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International Law News

International Law News, Fall 2022

The Beleaguered Batwas: Conservation Refugees

Elizabeth Barad


  • Over the past fifty years, the lives of the Batwa, among the oldest surviving indigenous tribes in Africa, have changed irreparably because they were evicted from their habitats for purported conservation reasons.
  • The Batwas never had title to land they occupied and were given no compensation for their removal. They became conservation refugees in an unfamiliar, unforested world.
  • Despite the non-binding United Nations Declaration on The Rights of Indigenous Peoples and financial support from the UN Human Rights Office Slavery Fund, further steps must be taken to ameliorate the persecution inflicted on the Batwa in the name of conservation.
The Beleaguered Batwas: Conservation Refugees
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Dispossessed from their ancestral homes, the Batwa (pejoratively known as pygmies) suffer increased discrimination. They were evicted for alleged conservation purposes, i.e., to protect wildlife, primarily mountain gorillas, although the Batwa have coexisted with wildlife and gorillas for centuries.

The Batwas are among the oldest surviving indigenous tribes in Africa. Anthropologists estimate they have existed in equatorial forests for 60,000 years or more. They lived as hunter-gatherers, depending on their forest home not only for foods such as honey, sorghum and meat but also for medicinal herbs. They have a deep spiritual and religious connection to the forest and specific sites are revered and considered central for their existence.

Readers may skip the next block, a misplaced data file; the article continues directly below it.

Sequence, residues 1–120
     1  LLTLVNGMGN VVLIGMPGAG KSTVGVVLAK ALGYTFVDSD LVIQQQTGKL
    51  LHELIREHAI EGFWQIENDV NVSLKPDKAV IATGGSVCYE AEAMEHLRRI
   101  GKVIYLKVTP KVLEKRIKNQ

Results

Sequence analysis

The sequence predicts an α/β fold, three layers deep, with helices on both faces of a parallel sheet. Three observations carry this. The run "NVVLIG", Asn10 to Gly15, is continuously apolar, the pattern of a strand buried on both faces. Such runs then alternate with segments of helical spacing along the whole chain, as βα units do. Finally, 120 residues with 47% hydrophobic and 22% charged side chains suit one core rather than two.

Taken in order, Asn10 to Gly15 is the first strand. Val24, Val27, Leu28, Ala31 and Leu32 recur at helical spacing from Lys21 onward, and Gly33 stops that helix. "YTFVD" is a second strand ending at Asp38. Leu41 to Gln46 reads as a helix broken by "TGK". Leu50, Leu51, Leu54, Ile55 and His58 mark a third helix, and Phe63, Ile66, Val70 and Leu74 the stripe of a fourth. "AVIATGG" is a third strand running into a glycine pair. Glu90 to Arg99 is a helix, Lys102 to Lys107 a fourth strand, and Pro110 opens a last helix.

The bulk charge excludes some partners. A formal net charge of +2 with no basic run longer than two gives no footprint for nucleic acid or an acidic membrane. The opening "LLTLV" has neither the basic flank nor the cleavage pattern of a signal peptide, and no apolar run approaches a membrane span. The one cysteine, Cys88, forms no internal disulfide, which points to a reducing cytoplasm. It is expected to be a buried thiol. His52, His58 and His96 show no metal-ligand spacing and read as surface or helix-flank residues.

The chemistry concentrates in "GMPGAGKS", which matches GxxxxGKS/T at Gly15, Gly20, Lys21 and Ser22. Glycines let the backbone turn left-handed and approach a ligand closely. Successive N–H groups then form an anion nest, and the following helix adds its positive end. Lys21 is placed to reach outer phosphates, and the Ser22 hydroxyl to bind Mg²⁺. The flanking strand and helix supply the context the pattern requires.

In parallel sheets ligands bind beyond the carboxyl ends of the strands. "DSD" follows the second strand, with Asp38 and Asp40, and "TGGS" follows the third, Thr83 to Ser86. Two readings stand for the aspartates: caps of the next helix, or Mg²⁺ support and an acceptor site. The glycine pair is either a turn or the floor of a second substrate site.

But over the past fifty years, the lives of the Batwa have changed irreparably because they were evicted from their habitats for purported conservation reasons. The Batwa of the Great Lakes region of Central Africa live in Uganda, Rwanda, the eastern Democratic Republic of the Congo (the DRC) and Burundi. They never had title to land they occupied and were given no compensation for their removal. They became conservation refugees in an unfamiliar, unforested world. It is now a social taboo to share food, occupy the same bench or socialize with Batwa people in public places. As their forested territories were destroyed, the Batwa became squatters on the edge of society lacking access to health services, clean water, proper shelter and food. Some were able to develop new means of survival as potters, dancers and entertainers. However, an estimated 80% of Batwa can only earn money from begging.

The plight of the evicted Batwa in the countries of Central Africa due to alleged conservation efforts is described below. They were estimated to consist of a population of 86,000 to 112,000 as of 2016..


The Batwa lived as hunter-gatherers in the forests of south-west Uganda for millennia. But in the 1990’s, they were evicted from the Bwindi, Mgahinga and Echyua forests to create wildlife parks, primarily for the protection of the mountain gorillas which tourists can now pay up to $1500 a day to visit. This expulsion was pursued by the Ugandan Government despite the fact that the original inhabitants and custodians of these forests—the Batwa—were not a threat to the forest, the gorillas or other endangered wildlife.